This review highlights ten publications that focus on intergenerational ministry which have been published in the last decade. Books from North American and British authors from a variety of Christian traditions are presented.
Demographic realities provide one component of the rationale for the choice of the theme for the current issue of the Christian Education Journal. Consider that more than 70% of those age 65 and older say that religion is very important in their lives, an additional 19% say religion is fairly important while only 9% say religion is not important at all. By contrast, less than half of those between the ages of 18 and 29 say that religion is very important and 20% say it is not important at all (Newport, 2006). This attitudinal variance between young adults and older adults has been consistent for decades of Gallup polling (Moberg, 1997). Older adults value the spiritual dimension of their lives.
This annotated bibliography is designed to introduce both scholars and practitioners to the range of sources that address the intersection between religion, spirituality, aging and ministry by and for those in the last third of life. The inclusion of several annotated bibliographies in this source has allowed less concern that, in a limited list, key sources will be left out. Because the focus of this theme issue is on the transition we are experiencing and will continue to experience in ministry with senior adults, a few sources about the baby boomers are included as well.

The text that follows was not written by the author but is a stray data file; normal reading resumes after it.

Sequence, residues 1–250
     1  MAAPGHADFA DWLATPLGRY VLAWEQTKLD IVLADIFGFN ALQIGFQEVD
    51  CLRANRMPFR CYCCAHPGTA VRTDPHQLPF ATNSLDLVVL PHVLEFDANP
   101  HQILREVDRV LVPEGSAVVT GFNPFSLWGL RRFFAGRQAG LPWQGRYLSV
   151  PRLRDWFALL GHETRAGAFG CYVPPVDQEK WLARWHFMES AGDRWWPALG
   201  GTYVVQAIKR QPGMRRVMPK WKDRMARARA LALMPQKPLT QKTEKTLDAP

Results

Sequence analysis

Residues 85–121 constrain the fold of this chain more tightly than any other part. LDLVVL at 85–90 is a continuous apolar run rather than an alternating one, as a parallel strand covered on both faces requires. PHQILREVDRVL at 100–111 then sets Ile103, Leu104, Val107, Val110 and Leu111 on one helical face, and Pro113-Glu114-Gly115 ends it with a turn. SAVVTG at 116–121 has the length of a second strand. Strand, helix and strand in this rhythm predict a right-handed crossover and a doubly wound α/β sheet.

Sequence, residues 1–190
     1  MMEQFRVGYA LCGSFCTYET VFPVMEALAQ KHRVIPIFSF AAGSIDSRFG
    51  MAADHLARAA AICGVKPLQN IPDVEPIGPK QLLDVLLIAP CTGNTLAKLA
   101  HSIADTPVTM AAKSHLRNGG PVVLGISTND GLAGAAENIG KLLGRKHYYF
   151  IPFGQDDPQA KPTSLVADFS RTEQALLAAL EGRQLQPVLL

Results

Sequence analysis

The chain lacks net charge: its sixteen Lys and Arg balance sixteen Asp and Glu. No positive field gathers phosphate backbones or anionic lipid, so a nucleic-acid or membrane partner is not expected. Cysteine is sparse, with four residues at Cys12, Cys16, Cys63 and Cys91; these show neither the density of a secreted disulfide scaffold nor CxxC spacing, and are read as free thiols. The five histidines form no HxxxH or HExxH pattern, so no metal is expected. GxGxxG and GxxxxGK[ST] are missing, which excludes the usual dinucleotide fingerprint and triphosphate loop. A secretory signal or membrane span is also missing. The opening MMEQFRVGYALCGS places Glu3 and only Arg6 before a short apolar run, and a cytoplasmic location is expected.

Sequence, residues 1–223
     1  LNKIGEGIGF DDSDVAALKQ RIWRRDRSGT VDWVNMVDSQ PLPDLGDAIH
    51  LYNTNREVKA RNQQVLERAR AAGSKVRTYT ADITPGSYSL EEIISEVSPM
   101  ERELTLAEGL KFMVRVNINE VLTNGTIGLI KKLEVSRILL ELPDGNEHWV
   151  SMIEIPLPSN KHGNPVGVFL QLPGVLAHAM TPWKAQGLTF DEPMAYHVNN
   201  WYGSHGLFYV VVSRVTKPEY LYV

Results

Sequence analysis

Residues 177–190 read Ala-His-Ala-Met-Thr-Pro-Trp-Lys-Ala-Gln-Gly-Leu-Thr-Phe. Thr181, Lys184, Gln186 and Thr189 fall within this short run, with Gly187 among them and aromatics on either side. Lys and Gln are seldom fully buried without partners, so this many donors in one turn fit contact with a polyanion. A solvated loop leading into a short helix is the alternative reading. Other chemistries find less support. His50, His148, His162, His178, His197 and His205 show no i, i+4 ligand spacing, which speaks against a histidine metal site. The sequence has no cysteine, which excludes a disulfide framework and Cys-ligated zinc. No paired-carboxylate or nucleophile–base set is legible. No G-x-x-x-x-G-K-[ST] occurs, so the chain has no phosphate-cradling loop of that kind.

This article, written by six women who know the subjects well, examines the lives and contributions of six influential evangelical women leaders who had an impact in the field of Christian education in the later 20th century and into the present: Linda Cannell, Julie Gorman, Roberta Hestenes, Marlene LeFever, Eileen Starr, and Catherine Stonehouse.
This article reviews the current periodical literature concerning sexual abuse in children in the following areas: causal factors, children's needs, effects on children, treatment, and implications for ministry.